40' and 95° 30' East Long., or between the eastern boundary line of 
the country of the Tauwang and Kampa Butias, and the Dibong 
river,— having Assam on its south, and Tibet proper on its north 
side,— constitutes the home of four peoples, known to the inhabitants 
of Assam by the names of Aka, Miji, Dana, and Abor. 

Three of these tribes, the Aka, Miji and Dafla, occupy the hills on 
the southern side of the backbone of the Himalayas, the snowy range. 
The water of their rivers flows down into Assam direct. I make 
use of the expression direct, because I thereby wish to explain the 
more immediate proximity of their mountain-homes to Assam ; for 
properly speaking, the rivers that run down the northern slopes of 
the snowy range pour their waters likewise into the same big river 
which passes through Assam, viz. the Sampo of Tibet. The Abors 
alone, in some of their northern clans, are said to dwell on both sides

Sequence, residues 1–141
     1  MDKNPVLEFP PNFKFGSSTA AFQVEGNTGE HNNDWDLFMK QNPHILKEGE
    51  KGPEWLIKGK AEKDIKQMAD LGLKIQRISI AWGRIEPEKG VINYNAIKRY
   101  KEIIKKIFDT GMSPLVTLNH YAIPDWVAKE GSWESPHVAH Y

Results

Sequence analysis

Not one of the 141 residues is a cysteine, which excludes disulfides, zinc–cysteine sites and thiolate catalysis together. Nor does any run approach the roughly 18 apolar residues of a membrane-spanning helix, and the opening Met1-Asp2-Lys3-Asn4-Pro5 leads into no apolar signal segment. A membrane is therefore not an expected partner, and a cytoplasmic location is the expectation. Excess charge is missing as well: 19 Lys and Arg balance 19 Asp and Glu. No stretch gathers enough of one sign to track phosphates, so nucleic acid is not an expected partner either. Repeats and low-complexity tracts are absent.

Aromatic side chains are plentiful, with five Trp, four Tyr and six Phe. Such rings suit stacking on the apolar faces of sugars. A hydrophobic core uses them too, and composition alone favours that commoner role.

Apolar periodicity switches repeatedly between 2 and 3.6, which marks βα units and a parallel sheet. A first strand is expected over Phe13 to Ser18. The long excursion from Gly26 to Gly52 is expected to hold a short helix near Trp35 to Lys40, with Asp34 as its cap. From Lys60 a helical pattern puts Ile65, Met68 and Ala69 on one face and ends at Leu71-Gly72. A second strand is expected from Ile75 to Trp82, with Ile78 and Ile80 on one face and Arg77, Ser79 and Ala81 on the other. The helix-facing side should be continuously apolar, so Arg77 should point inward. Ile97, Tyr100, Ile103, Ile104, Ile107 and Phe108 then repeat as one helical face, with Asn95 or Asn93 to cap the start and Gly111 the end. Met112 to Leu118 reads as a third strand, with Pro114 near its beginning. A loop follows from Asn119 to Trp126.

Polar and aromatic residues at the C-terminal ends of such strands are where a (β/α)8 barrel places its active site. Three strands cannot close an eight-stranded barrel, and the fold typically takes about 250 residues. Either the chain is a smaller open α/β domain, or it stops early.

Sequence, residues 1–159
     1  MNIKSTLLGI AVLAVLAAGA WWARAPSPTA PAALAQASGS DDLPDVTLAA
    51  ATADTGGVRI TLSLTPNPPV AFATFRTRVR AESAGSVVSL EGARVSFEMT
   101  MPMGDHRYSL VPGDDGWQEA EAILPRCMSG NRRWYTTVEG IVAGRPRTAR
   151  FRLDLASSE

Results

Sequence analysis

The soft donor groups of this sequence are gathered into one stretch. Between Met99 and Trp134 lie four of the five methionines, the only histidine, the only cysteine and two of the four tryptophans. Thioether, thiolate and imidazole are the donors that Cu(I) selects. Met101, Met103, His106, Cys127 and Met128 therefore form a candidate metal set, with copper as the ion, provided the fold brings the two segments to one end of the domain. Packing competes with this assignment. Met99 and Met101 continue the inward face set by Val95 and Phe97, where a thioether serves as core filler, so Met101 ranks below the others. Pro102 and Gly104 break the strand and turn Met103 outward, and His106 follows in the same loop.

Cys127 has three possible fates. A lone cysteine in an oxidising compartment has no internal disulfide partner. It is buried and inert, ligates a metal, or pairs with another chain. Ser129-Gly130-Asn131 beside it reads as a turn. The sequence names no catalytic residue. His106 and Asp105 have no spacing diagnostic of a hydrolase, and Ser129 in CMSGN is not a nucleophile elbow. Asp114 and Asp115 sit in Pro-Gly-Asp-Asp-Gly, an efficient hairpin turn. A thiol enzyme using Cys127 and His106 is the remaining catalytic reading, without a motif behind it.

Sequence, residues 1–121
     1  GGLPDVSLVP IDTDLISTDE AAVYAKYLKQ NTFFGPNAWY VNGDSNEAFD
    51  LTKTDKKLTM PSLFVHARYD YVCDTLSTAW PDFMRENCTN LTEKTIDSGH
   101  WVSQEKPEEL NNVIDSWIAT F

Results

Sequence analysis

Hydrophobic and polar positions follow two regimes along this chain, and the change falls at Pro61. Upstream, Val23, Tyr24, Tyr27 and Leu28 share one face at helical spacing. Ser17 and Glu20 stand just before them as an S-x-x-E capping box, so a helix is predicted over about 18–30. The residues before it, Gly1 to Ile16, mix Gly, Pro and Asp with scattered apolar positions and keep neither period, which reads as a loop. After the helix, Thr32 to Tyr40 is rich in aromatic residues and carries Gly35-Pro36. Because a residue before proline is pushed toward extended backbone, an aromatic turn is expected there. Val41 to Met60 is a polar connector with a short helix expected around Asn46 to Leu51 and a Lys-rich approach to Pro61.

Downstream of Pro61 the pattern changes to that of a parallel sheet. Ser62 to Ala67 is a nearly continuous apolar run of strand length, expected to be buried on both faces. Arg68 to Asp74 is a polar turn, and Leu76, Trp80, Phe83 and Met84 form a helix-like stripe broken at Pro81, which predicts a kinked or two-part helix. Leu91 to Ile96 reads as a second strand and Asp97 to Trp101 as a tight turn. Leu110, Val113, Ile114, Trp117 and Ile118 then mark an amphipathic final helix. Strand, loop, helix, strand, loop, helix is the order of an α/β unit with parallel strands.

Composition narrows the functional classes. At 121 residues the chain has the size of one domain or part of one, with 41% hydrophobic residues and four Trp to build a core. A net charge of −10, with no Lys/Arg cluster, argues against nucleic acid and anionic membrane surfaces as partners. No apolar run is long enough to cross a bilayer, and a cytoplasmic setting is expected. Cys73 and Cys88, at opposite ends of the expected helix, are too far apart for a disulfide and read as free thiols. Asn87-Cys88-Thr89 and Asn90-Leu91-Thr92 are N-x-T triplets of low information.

of the snowy mountains, and they are thus in intercourse both with 
Tibet and Assam. 

The seats of these four principal tribes may be defined as follows : 
commencing from the west or the frontier of Butan we come first 
upon the Akas. Their country is situated so as to have Assam on 
the south, Butan on the west, the Miji territory on the north, 
and the Dafla east. The Buruli river forms the boundary of the 
Aka and Dafla country, or rather hills. The Mijis again have 
Butan to the west, and probably north, but the Buruli river 
running round the northern side of their country until it enters 
Butan, the Daflas to the east, and their friends and neighbours, the 
Akas to the south. 

The Daflas like the Akas have the valley of Assam for their 
southern limit, the Akas and Mijis, with the Buruli river interven- 
ing, on their west, and the Abors both north and east,— the Subon- 
siri river running up between the hills of the Abors and Daflas. 
Then the Abors themselves occupy the whole of the remaining ex- 

194 The Hill-tribes of the Northern Frontier of Assam. [No. 4,